If your company is like most employers, they run background checks on all of their applicants after an offer of employment has been made with the organization. Odds are that the applicant that the organization is trying to hire may have a criminal history, as there are over 65 million people, or 20% of the country, who have a criminal history (cnn.com). An article in this newsletter titled, “Are Your Company’s Background Checks Compliant?” establishes a process that all employers should follow when conducting post-offer background checks.
It is important for employers to pay close attention to the information that they consider when choosing to hire or not hire a potential employee. It is very important that employers are consistent with the way that they use any form of background information. It is also important to understand the different laws and legal issues that must be followed when conducting background checks. “The Fair Credit Reporting Act (FCRA) requires that prospective users of the information identify themselves, certify the purposes for which the information is sought, and certify that the information will be used for no other purpose” (ftc.gov). In other words, employers must inform applicants that they will be conducting a background check on them and that they must also sign a consent form in order for the organization to do so. The biggest mistake employers make in regards to the FCRA is either failing to get the applicants consent for the background check, or failing to follow the adverse action procedure outlined in the FCRA.
Another important law to understand and comply with is the Equal Employment Opportunity Commission (EEOC) which, in 2012, updated their guidance regarding an employers’ use of background checks. The update emphasizes that background checks have an unintended impact on particular minority groups. The EEOC’s guidance to ensure that the criminal history that is being considered along with how long ago the criminal history was documented and whether this criminal history has anything to do with the nature of the job that the applicant is seeking, should all be considered by the employer.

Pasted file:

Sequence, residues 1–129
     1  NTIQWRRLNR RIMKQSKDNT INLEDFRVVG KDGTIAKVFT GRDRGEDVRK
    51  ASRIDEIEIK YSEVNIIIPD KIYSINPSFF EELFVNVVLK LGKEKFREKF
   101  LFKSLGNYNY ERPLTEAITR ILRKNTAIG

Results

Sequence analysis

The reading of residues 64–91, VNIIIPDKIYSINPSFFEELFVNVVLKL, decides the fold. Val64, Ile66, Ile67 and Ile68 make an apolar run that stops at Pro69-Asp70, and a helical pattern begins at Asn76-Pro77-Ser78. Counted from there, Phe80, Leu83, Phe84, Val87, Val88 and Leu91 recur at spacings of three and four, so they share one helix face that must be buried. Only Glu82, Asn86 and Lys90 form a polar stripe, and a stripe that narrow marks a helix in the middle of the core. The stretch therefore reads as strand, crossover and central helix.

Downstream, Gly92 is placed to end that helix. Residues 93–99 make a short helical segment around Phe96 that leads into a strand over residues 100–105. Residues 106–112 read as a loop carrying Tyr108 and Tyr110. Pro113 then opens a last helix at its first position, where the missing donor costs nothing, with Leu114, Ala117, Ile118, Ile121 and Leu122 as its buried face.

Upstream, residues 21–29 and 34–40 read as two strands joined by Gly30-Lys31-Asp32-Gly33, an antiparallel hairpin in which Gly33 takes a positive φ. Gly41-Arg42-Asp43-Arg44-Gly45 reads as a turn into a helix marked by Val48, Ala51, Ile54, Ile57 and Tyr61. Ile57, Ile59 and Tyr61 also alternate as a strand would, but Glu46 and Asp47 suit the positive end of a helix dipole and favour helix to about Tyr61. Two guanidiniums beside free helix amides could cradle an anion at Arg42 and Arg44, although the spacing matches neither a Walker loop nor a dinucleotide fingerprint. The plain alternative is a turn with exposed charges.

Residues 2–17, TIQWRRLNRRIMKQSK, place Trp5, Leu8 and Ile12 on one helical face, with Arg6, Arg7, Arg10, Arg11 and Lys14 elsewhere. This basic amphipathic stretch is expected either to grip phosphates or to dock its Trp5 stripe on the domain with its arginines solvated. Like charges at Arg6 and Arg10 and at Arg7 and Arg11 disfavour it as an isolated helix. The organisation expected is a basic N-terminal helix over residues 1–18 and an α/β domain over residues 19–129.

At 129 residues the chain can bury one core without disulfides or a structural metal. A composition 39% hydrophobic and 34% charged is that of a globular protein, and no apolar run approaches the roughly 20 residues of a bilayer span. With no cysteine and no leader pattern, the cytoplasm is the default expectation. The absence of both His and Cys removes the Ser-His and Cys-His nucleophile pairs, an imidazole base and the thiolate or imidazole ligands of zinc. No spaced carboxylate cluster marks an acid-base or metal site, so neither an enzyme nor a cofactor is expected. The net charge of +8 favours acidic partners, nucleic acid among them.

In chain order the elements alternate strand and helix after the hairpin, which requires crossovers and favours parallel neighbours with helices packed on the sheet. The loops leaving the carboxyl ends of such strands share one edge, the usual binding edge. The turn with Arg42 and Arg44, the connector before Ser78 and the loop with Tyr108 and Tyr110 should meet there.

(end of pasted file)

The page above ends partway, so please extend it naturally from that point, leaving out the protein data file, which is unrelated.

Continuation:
Employers should also consider taking a look at their current job application and research their state and local laws regarding what they may and may not ask applicants with regards to their criminal history. There are ban-the-box ordinances that apply mostly to public employers, however, four states, Hawaii, Massachusetts, Minnesota, and Rhode Island have passed ban-the-box laws that apply to private sector employers. Some state laws state that you may not ask an applicant about records that have been expunged from their criminal record, as well as non-conviction records. In addition, some states have exceptions to these rules in certain industries such as financial institutions, health care, and childcare. So, knowing and understanding your state’s individual employment-related laws with regards to what may be included on an application is important.
There is no right or wrong answer when it comes to considering any particular criminal history event that may be on an applicant’s background check report. A tool called, a “hiring matrix” helps employers track what criminal histories are most relevant to the certain jobs that they are hiring for. This allows employers to develop trends and hire more consistently. A general rule of thumb when creating a “hiring matrix” is to make it position specific. For instance, if a general contractor chooses not to hire an applicant as a plumber, due to the fact that the applicant has a theft on their record, and the job requires the applicant to work in a customer’s home, the next time that the employer is hiring for that job they will then have the “hiring matrix” to refer to should a criminal history event of theft come up again. Or, if the job requires driving, employers may want to take an applicant’s driving under the influence (DUI) or speeding record into account. As these are just examples, any employer should be able to see that a “hiring matrix” would be a helpful tool to avoid any bias that may affect the decision of the hiring manager, in order to hire the most qualified applicant.
It is important for an employer to collect what it believes is the most relevant criminal history information in order to make the “best” hiring decisions. When employers implement a “hiring matrix” and include each job title or classification along with the list of specific criminal charges that the employer decides are unfavorable it is easy to set aside any bias or discrimination because they are then being consistent in their hiring practices.
For additional information on this topic, please contact us at www.NewFocusHR.com.
Written By: Patrick McKenna, SHRM-CP